Talos Vulnerability Report


Abode Systems, Inc. iota All-In-One Security Kit ghome_process_control_packet format string injection vulnerability

October 20, 2022
CVE Number



A format string injection vulnerability exists in the ghome_process_control_packet functionality of Abode Systems, Inc. iota All-In-One Security Kit 6.9Z and 6.9X. A specially-crafted XCMD can lead to memory corruption, information disclosure and denial of service. An attacker can send a malicious XML payload to trigger this vulnerability.


The versions below were either tested or verified to be vulnerable by Talos or confirmed to be vulnerable by the vendor.

abode systems, inc. iota All-In-One Security Kit 6.9X
abode systems, inc. iota All-In-One Security Kit 6.9Z


iota All-In-One Security Kit - https://goabode.com/product/iota-security-kit


8.2 - CVSS:3.0/AV:N/AC:L/PR:N/UI:N/S:U/C:N/I:L/A:H


CWE-134 - Use of Externally-Controlled Format String


The iota All-In-One Security Kit is a home security gateway containing an HD camera, infrared motion detection sensor, Ethernet, Wi-Fi and Cellular connectivity. The iota gateway orchestrates communications between sensors (cameras, door and window alarms, motion detectors, etc.) distributed on the LAN and the Abode cloud. Users of the iota can communicate with the device through mobile application or web application.

The iota device generates a significant volume of diagnostic logs, which it displays on its read-only physical UART console. These logs are formatted and put on the serial line inside of a function (located at offset 0xA3270) which we refer to simply as log. The log function operates as a wrapper to vsnprintf and puts with the added functionality of prefixing supplied log messages with severity and task strings. The log function is variadic and crafts the final log message by passing the supplied format and variadic arguments to vsnprintf. If an attacker can inject content into the format parameter, they could potentially leak stack memory and write arbitrary memory.

/* Examples:
        log(6, 13, "Initialized SSL");  ->  [DBG!][NET ]Initialized SSL
        log(3, 13, "SSL init error: %d", error);  ->  [ERR!][NET ]SSL init error: {error}
void log(unsigned int severity, unsigned int task, const char *format, ...)
  char log_buffer[520];
  va_list var_args;

  va_start(var_args, format);
  if ( severity <= g_LOG_LEVEL && ((g_TASK_LOGGING_ENABLED_BITFIELD >> task) & 1) != 0 )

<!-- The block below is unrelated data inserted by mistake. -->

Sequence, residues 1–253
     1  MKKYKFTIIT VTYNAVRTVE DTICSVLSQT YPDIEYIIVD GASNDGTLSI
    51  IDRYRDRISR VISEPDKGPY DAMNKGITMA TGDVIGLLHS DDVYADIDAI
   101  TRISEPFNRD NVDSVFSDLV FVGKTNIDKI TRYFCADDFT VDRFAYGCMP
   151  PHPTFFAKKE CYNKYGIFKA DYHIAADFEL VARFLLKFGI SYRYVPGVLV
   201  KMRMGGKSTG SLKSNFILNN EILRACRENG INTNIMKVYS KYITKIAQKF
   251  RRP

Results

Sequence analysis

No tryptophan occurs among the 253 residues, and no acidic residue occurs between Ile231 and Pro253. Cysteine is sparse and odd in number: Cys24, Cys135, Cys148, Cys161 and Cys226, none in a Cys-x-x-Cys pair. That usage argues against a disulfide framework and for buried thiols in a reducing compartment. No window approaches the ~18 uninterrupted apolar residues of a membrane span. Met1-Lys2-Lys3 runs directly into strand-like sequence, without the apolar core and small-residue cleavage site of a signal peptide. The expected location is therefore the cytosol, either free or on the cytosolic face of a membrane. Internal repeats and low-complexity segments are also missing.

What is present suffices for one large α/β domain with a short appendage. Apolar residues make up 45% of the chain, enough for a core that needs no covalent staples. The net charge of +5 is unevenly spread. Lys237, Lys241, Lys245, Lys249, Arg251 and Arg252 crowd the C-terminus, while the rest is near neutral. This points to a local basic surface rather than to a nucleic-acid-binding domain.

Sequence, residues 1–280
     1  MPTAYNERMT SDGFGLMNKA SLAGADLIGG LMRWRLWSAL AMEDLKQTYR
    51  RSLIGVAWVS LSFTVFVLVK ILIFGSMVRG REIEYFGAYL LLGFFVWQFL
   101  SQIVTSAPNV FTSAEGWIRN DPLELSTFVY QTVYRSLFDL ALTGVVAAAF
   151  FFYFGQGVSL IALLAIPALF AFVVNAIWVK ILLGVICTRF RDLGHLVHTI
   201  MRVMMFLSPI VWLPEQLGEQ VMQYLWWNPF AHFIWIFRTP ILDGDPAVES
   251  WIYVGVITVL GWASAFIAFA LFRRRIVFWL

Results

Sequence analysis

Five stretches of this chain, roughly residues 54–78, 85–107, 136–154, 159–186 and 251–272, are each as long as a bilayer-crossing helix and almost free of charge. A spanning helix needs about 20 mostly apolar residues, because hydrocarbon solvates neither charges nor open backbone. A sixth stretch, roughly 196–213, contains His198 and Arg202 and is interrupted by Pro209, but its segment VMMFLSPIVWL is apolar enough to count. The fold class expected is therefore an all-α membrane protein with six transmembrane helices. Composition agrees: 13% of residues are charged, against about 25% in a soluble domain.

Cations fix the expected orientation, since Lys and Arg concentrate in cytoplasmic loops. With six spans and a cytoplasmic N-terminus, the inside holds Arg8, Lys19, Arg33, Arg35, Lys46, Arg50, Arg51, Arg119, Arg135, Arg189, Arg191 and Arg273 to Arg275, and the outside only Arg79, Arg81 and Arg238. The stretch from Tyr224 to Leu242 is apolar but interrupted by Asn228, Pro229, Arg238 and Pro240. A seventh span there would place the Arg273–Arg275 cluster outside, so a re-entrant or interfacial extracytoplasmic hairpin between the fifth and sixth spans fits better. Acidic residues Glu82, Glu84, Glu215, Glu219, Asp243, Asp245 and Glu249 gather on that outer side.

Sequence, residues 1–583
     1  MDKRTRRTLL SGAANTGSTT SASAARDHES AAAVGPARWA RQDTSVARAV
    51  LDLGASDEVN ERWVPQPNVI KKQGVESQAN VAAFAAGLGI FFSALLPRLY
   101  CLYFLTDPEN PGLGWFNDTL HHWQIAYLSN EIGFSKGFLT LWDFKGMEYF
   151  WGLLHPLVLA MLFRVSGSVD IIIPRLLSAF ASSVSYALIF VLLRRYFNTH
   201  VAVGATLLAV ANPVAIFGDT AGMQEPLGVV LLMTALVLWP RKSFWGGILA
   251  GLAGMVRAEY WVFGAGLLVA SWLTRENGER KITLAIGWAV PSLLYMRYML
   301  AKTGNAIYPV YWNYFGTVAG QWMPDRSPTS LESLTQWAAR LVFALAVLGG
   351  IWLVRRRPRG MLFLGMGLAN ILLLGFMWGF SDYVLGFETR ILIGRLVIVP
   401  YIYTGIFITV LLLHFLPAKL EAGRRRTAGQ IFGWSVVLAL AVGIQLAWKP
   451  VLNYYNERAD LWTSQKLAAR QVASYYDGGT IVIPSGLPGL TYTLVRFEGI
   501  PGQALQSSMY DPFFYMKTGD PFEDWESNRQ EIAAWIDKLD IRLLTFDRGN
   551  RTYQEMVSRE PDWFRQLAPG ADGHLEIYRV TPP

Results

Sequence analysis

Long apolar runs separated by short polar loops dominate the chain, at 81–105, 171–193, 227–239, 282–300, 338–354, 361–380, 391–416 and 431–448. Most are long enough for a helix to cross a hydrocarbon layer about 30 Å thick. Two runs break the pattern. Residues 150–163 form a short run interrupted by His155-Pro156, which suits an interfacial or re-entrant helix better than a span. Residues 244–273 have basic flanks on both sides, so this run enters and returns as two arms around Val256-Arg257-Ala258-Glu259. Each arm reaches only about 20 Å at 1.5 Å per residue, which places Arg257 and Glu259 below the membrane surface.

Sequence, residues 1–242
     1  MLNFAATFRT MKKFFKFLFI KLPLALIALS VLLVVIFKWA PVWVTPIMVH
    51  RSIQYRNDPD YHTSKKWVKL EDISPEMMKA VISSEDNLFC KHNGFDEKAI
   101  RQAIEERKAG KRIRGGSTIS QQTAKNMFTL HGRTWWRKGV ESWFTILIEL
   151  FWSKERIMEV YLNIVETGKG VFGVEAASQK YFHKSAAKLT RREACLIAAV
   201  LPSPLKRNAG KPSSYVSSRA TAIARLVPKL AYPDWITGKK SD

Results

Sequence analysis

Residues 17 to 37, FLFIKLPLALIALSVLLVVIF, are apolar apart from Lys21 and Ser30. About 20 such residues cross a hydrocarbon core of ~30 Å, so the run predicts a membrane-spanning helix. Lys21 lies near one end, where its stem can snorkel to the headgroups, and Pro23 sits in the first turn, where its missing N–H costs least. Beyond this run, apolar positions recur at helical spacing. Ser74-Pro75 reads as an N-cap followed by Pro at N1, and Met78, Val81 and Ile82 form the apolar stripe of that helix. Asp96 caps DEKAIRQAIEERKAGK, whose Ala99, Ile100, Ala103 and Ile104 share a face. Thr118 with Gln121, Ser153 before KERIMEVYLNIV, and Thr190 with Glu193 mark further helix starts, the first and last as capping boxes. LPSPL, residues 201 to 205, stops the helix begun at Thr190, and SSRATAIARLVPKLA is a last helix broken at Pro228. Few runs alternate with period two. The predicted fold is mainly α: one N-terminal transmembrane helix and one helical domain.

// Prefix the message with the SEVERITY tag
    if ( severity >= MAX_SEVERITY )
      severity = MAX_SEVERITY;
    memcpy(log_buffer, g_SEVERITY_PREFIX[severity], 6u);

    // Prefix the message with the TASK tag
    if ( task >= MAX_TASK )
      task = MAX_TASK;
    memcpy(&log_buffer[6], g_TASK_PREFIX[task], 0xCu);

    // Populate remainder of message with format and var_args
    vsnprintf(&log_buffer[12], 499u, format, var_args);

    // Put crafted message on to UART

It is important to note that all output from format string injections stemming from misuse of the log function will only be available to a physically present attacker who has partially disassembled the device and connected to the UART console.

This vulnerable instance of the log function occurs within the ghome_process_control_packet function located at offset 0x1D27B0 in the hpgw binary included in firmware version 6.9Z. An annotated decompilation of this function is included, for reference, below.

int __fastcall ghome_process_control_packet(
        ghome_struct_t ghome_packet,
        const struct sockaddr addr,
        socklen_t addr_len)
  char *payload;
  int sock_fd;
  char *cmd_offset;
  int result;
  char *host;
  const char *v8;
  const char *v9;
  xstrbuf_t xcmd_result;
  char cmd[64];
  char id[64];
  char log_msg[280];

  payload = ghome_packet.payload;
  ghome_packet.payload[ghome_packet.payload_len] = 0;
  sock_fd = ghome_packet.sock_fd;
  log(7u, 0x10u, "GHome recv ctrl len=%d\n%s", ghome_packet.payload_len, ghome_packet.payload);
  cmd_offset = strstr(payload, "<cmd");
  memset(cmd, 0, sizeof(cmd));
  memset(id, 0, sizeof(id));
  result = (int)cmd_offset;
  if ( cmd_offset )
    // [1] Extract the `a=` and `id=` fields from the GHOME packet into the `cmd` and `id` variables
    xml_fetch_value(cmd_offset, "a=", cmd);
    xml_fetch_value(cmd_offset, "id=", id);
    if ( !strcmp(id, g_PREV_ID) )
      return 1;
      strncpy_0(g_PREV_ID, id, 63);
      log(7u, 0x10u, "\x1B[33mGHome cmd=%s, id=%s\x1B[0m", cmd, id);
      memset(log_msg, 0, 0x100u);
      xcmd_run(1, payload, 0, &xcmd_result);
      host = inet_ntoa(*(struct in_addr *)&addr.sa_data[2]);

      // [2] Construct a log message using the attacker-supplied `cmd` and `id` variables
        "reply '%s' id=%s to %s:%d",
        (unsigned __int16)(*(_WORD *)addr.sa_data << 8) | (unsigned __int16)(unsigned __int8)addr.sa_data[1]);

      // [3] Make the vulnerable call to `log` passing the `log_msg` variable as the `format` parameter
      log(7u, 0x10u, log_msg);

This function is called on every UDP payload received on port 55050. The function expects that the payload will be an XML formatted payload, though it is not particularly strict in its parsing. At [1] the function parses out the a and id fields of the cmd tag and uses them at [2] to craft a log message. After the attacker-supplied values have been injected into the log message buffer, the buffer is used as the format parameter of the log function. Supplying a cmd tag with the a and id attributes set to %x.%x.%x.%x.%x.%x.%x.%x will result in the following log message:

[DBG ][FIND]reply '714be54c.714be4b8.714bf958.e6ab.0.0.482a40.200' id=102.252e7825.78252e78.2e78252e.252e7825.78252e78.78252e.0.0.0 to

2022-07-20 - Vendor Disclosure
2022-10-20 - Public Release


Discovered by Matt Wiseman of Cisco Talos.